On the D700, the MB-D10 is metal, but still has a seam where it connects, as it doesn't have the rubber everywhere. It's also heavier and bigger than the D3 body, but not as good ergonomically (in my opinion).
Plus, I find the N80 with grip is about the same size as the D700 without grip (though not as solid).
btw, shooting a D1H one-handed last night was not fun.
I took it off this weekend for a few shots while training (playing?) with my FMA (Filipino Martial Arts) brothers and I must say, I liked it. I have an old A-S plate for my F100/MB15 but its not an L-bracket; it worked. But I think I need to pick up an L-bracket for the D700 w/o the grip. It wasn't too bad.
Granted I wasn't carrying it around, just a few quick images and back to training. I've got to post process a few and plan on posting them...Sports or a Picture I Took, if anyone is interested.
It's difficult for me to imagine a woman lugging around a D700 + grip + 70-200 f/2.8. Ouch! You must have taken up weight-lifting somewhere along the way! I frequently use my D700 + 80-200 f/2.8 for shooting sports events and find that that combo is much as I care to tote around. At the end of an event the combined weight seems to be double what it was at the start of the event! I might go with a D700 + grip + 50 mm. f/1.8 but the chances of me loading up with a D700 + grip + 80-200 f/2.8 are small indeed. And my 80-200 f/2.8 is lighter than your 70-200 f/2.8.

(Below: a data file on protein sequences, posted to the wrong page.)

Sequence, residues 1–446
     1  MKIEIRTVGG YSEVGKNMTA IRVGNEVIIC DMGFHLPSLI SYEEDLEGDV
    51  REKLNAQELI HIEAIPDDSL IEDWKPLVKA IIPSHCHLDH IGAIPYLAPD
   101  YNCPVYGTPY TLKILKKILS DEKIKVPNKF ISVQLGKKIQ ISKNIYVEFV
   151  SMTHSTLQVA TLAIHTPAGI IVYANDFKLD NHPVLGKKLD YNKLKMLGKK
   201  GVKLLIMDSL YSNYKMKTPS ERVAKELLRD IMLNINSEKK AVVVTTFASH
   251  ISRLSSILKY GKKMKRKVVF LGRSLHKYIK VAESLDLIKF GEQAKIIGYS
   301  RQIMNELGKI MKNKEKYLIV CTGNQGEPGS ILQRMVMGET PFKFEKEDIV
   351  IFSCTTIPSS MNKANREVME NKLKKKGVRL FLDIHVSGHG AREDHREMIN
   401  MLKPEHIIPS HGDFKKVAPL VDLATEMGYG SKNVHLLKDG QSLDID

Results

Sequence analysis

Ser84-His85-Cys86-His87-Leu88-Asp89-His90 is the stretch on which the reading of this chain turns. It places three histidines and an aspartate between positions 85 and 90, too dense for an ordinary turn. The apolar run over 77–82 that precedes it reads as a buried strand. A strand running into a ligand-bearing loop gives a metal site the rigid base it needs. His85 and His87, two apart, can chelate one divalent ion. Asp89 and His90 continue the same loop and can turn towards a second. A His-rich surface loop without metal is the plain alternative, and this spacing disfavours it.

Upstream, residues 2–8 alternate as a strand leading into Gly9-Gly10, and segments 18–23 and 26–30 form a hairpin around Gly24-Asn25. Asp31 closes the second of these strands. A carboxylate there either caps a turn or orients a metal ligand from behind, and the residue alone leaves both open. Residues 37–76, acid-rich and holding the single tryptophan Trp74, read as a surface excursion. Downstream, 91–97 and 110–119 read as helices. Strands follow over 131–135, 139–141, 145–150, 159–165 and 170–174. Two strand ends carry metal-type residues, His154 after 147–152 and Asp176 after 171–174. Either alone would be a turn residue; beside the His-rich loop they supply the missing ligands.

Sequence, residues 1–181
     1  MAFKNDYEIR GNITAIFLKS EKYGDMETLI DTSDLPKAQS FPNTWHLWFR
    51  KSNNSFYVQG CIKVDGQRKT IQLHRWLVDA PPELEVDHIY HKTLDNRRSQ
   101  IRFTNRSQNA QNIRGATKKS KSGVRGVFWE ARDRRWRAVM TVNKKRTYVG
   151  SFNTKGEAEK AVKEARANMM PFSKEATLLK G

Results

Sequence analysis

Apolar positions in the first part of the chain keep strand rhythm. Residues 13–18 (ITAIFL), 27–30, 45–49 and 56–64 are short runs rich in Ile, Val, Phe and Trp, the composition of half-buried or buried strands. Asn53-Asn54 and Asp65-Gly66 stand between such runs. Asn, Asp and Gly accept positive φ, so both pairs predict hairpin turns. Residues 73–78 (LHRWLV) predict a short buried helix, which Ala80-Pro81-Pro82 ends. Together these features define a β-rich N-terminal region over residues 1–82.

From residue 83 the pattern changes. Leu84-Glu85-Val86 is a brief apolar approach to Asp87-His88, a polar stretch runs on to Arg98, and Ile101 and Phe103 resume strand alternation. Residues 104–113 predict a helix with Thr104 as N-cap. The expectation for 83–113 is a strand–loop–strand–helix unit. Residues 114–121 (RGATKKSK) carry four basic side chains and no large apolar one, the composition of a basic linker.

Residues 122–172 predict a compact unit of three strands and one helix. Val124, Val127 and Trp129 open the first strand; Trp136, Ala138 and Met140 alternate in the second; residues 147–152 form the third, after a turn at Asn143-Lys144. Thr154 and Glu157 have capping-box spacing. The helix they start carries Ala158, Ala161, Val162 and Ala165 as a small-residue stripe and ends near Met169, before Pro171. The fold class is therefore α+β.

I get the feeling that you are about to tell me that you carry both of your D700s at the same time!
Bob, I do carry both of my D700's at the same time. On one of the bodies I'll have the 70-200mm and on the other body I'll have either my Tamron 28-75mm or the Nikon 17-35mm. But, as I've gotten older, I've gotten wiser, I'll bring along either a tripod or monopod for the D700 combo with the 70-200mm lens because like you, as the day wears on, that equipment gets quite heavy. By the way, I do work out, but more cardio instead of strength training.